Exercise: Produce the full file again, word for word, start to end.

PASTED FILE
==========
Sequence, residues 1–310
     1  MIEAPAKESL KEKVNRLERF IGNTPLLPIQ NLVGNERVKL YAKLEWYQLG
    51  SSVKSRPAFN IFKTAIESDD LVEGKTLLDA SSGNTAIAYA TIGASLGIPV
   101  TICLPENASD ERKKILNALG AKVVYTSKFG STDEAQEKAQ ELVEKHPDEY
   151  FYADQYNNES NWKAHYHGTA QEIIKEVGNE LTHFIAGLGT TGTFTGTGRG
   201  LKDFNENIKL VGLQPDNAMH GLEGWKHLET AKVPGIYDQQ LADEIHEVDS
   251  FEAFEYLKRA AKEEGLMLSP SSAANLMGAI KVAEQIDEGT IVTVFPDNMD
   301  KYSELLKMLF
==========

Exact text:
Sequence, residues 1–310
     1  MIEAPAKESL KEKVNRLERF IGNTPLLPIQ NLVGNERVKL YAKLEWYQLG
    51  SSVKSRPAFN IFKTAIESDD LVEGKTLLDA SSGNTAIAYA TIGASLGIPV
   101  TICLPENASD ERKKILNALG AKVVYTSKFG STDEAQEKAQ ELVEKHPDEY
   151  FYADQYNNES NWKAHYHGTA QEIIKEVGNE LTHFIAGLGT TGTFTGTGRG
   201  LKDFNENIKL VGLQPDNAMH GLEGWKHLET AKVPGIYDQQ LADEIHEVDS
   251  FEAFEYLKRA AKEEGLMLSP SSAANLMGAI KVAEQIDEGT IVTVFPDNMD
   301  KYSELLKMLF